When you are thirteen and wake before dawn to the sound of a parent dying, odds are short that things are gonna suck pretty bad for a while.

And they did.

But I was luckier than most. I didn’t grow up in a family, I grew up in a clan.

Big difference.

Imagine this: Six families, all blood related through siblings, living upstairs, downstairs, and next door to each other in side-by-side apartment houses, three apartments per. My twelve cousins and I didn’t have only two parents apiece; aunts and uncles counted too, because they watched over all of us just like we were their own.

I know. Hard to imagine. Different times.

The head of our clan was Uncle Joe. That’s him at his house on Berriman Street in Brooklyn. When he bought his own home, late in life actually, he made sure that it had four things: close proximity to the rest of us (only a block and a half away from his brothers’ and sisters’ families); ample yard space for his dump truck and assorted building materials (he was a general contractor); a generous outdoor area where the whole family could gather for barbecues and parties; and last, but by no means least, a garden.

Uncle Joe had no children of his own, but he was godfather to the majority of his nieces and nephews, me included. The man wasn’t merely loved by those of us who knew him. He was adored, idolized even.

My godfather didn’t live a lot longer than my father, but I was fortunate to have him around for what the shrinks might call a young man’s formative years. He taught me how to use hand tools and mix concrete, how to level a piece of wood before driving a nail into it, how to lay brick, and the proper way to let out a clutch.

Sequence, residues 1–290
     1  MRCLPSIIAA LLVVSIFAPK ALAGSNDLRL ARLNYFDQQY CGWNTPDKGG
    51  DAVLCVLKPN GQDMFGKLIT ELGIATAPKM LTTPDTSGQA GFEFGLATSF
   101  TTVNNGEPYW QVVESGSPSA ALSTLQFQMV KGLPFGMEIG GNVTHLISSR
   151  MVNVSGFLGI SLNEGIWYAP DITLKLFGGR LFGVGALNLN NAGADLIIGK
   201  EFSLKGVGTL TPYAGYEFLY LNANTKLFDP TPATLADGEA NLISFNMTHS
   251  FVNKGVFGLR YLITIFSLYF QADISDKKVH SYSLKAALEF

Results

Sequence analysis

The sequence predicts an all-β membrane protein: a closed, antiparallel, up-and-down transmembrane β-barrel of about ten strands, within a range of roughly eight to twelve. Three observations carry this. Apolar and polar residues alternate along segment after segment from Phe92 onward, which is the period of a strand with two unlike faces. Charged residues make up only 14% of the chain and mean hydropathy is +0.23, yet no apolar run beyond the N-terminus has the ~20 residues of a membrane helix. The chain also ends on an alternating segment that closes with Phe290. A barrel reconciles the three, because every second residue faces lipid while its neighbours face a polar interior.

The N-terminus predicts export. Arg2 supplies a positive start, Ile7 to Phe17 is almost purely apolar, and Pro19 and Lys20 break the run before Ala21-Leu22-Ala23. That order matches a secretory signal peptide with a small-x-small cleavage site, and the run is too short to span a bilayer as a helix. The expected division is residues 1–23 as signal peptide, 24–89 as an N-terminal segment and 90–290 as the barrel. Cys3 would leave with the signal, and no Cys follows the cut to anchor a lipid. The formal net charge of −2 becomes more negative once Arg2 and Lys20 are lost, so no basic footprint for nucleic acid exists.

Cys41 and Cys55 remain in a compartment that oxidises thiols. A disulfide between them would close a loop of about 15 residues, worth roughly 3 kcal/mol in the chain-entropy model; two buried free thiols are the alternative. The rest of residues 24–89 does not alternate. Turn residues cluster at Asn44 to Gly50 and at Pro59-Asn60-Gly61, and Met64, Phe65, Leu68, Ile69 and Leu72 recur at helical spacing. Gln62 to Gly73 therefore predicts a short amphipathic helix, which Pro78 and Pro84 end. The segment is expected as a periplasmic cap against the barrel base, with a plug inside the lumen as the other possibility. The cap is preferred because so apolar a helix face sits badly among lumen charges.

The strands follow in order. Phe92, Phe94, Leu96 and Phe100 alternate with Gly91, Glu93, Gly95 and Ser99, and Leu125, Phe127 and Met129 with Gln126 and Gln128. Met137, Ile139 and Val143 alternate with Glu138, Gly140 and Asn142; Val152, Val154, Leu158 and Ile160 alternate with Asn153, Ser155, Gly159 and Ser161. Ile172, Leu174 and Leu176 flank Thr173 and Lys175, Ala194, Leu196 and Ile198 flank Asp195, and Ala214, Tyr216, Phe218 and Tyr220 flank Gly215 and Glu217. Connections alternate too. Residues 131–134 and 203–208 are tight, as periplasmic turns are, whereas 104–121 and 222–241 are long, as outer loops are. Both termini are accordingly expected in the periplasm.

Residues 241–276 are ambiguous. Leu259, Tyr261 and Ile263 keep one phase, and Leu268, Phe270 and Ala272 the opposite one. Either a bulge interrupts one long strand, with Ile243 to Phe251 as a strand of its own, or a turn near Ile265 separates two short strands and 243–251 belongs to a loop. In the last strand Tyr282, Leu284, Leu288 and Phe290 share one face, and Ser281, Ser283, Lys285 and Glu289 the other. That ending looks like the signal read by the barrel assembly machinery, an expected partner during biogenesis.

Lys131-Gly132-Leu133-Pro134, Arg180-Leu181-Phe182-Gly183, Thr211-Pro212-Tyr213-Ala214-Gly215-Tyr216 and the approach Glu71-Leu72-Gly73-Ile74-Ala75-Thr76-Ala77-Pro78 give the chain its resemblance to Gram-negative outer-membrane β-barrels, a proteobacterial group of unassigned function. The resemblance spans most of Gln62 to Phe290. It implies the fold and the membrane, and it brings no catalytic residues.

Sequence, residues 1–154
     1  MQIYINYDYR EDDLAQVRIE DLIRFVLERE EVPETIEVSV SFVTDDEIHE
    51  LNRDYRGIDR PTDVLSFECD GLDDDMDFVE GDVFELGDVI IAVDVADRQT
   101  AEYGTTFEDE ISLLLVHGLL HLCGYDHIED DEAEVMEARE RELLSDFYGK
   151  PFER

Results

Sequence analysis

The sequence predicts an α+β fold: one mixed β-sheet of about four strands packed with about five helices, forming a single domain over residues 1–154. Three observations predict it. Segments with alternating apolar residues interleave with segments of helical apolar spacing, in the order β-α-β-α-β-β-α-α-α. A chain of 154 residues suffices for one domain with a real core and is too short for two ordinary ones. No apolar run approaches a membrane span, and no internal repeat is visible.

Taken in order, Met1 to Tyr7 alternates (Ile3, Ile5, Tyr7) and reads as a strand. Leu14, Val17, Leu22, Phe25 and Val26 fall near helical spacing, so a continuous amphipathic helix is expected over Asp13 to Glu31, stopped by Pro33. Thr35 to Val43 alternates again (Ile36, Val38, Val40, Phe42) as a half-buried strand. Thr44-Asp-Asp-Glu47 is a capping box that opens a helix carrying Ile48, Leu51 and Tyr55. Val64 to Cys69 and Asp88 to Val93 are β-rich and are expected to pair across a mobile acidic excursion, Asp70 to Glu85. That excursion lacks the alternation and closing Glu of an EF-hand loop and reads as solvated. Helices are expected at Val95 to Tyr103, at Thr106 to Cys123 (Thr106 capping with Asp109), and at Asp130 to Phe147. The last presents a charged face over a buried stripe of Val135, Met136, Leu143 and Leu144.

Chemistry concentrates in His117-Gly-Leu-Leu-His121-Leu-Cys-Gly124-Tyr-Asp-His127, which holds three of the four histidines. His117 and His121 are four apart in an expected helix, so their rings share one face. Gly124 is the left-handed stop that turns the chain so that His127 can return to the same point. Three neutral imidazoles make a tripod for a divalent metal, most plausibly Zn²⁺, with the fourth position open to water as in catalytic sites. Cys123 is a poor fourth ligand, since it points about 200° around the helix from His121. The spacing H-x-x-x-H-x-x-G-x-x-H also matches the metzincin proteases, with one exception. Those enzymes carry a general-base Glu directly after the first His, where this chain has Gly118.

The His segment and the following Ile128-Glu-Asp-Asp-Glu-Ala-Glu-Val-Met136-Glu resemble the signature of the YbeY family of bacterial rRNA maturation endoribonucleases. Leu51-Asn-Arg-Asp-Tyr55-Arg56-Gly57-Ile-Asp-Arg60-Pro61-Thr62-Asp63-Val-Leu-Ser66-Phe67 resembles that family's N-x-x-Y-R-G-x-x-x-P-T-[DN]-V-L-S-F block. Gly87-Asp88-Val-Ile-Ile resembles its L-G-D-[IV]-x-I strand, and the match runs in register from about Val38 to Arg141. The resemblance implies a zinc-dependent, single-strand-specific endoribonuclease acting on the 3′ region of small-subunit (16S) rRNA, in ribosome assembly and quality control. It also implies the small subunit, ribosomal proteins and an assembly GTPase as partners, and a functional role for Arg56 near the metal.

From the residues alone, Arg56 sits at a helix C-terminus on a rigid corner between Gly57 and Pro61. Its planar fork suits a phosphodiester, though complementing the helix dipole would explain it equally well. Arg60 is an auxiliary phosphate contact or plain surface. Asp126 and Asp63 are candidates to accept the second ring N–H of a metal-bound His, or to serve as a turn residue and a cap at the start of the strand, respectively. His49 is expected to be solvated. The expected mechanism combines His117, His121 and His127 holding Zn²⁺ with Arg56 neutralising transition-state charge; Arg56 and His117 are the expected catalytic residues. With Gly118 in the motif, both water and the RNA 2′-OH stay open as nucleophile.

More important, and strictly by observing the man, I learned how to be fair and kind to people while at the same time being firm in what I believe.

At least I hope that I did.

It would break my heart to think that I let him down.

Happy Father’s Day everybody!

The way you wear your hat

18 Jun

My father was not big on wearing hats, at least not after I came along. This may have had something to do with president Kennedy. In 1961, just four years after my birth, JFK broke tradition by not wearing a hat to his inauguration, the first U.S. president to do so. This bold choice freed American males like my father to henceforth go topless anywhere and anytime they wished, and so many of them did.

Dad was the kind of man who might have benefitted from hat wearing. He had the looks for it, certainly. But he also had no hair. This photograph of him with his dark (and yet thinning) hair is rare. Soon after most of the man’s top went completely uncovered.

I only became a hat wearer a few years ago. This was not born of necessity. Unlike dad I still have a full head of hair, actually a very full head of hair, like my mother. I’m lucky that way.

Yet, on days like today, I find myself wishing that I wasn’t so lucky. It’d be swell, I often imagine, to look in the mirror and see a bit more of my father looking back.

This still could happen one day, I suppose. But at this age, which is more advanced than his when he died, I’m not optimistic that it ever will.

Too bad. A father’s reflection belongs in a son’s life.

Happy Father’s Day everybody.